The Range Transform Node helps transform control signals (or audio signals) from a given range, to another range.
For example, if you have a Node that outputs a signal between 0–1, but the input expects the signal to be in the range of 0–22050 (common for frequency control), the Range Transform Node can easily transform the signal into the expected range, proportionally.
How to Use
This Node transforms a control signal (or audio signal). Thus, it expects a source signal from another Node connected, such as an LFO Node. The Range Transform Node outputs the transformed signal, which you then connect to its intended destination.
Driving a Frequency setting with an Envelope Pattern Node
Say you have an Envelope Pattern Node with a 0–1 output range (default), and want to drive the Frequency-control input of a Lowpass Filter Node (which accepts values in the 0–22050 range). To do this, use 0 as the source min value, 1 as the source max value, 0 as the destination min value, 22050 as the destination max value.
This says: keep the output 0 when the input is 0, and make the output 22050 when the input is 1, and interpolate between these values if the input is between 0 and 1.
Driving a Gain setting with an LFO Node
Say you have an LFO Node, with a -1–1 output range, and want to drive the Gain-control input of a Gain Node (which accepts values in the 0–1+ range). To do this, use -1 as the source min value, 1 as the source max value, 0 as the destination min value, and 1 as the destination max value. Leave the Transform Mode setting at Linear.
This says: make the output 0 when the input is -1, make the output 1 when the input is 1, and interpolate between these values if input is between 0 and 1.
Control Input (source)
The control or audio signal to transform.
When you have no connections to this input, it’s the same as if you had a constant 0 signal connected. Depending on settings, this can result in non-0 output. For example, transforming [0, 1] to [1, 3] will result in a constant 1 signal in the output in this case.
Note that, while this signal should be in the range set by the Source min and Source max settings, the Node will work perfectly fine if the signal range exceeds this range. When this happens, the output will be also out of range, proportionally.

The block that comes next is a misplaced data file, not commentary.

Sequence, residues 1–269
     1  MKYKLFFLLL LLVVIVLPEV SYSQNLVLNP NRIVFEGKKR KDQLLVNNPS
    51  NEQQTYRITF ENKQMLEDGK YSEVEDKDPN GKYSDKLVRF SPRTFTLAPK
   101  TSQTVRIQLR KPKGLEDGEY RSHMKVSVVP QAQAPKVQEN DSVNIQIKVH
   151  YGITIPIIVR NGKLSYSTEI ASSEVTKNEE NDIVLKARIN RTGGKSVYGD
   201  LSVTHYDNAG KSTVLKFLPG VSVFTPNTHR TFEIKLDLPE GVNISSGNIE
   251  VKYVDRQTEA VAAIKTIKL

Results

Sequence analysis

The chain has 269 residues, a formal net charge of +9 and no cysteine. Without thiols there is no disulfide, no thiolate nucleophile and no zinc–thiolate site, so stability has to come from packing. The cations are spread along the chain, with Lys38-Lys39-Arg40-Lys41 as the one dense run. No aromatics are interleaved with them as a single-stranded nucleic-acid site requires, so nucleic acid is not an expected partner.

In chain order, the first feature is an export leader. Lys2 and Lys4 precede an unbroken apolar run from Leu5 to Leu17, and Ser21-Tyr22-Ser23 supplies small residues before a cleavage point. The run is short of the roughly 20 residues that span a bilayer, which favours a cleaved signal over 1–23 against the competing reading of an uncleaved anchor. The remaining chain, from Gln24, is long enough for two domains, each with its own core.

The expected lower bound of the Control Input (source) signal.
The expected upper bound of the Control Input (source) signal.
The lower bound of the output range. Because of how this Node works, this is what the output value will be when the Control Input (source) signal is the same as the Source min setting.
The upper bound of the output range. Similarly to the Destination min setting, the output value will be this value when the Control Input (source) signal is the same as the Source max setting.
Sets the transform scaling. Logarithmic mode applies a transformation to make the input curved. Clamped modes force-clamp the input signal between Source Min and Source Max, to avoid unexpectedly going out of Destination Min/Max range.
Control Output (destination)
The transformed control or audio signal (depending on input). Its channel count is the same as whatever is connected to the Control Input (source).
DSP-wise, this output signal is largely identical to the input signal, except the DC offset and amplitude are different, depending on settings. Thus, the frequency content of the signal, for example, will be the same as that of the input.
If the input and output ranges are not symmetrical, this output will have a non-zero signal even if nothing is connected to the input (e.g. when transforming from [-1, 1] to [0, 1], in which case the output will be a constant 0.5 without any input).
Under the hood, the Range Transform Node uses an equivalent of the following equation, optimized into a single addition and a single multiplication per sample:
(((x - srcMin) * (destMax - destMin)) / (srcMax - srcMin)) + destMin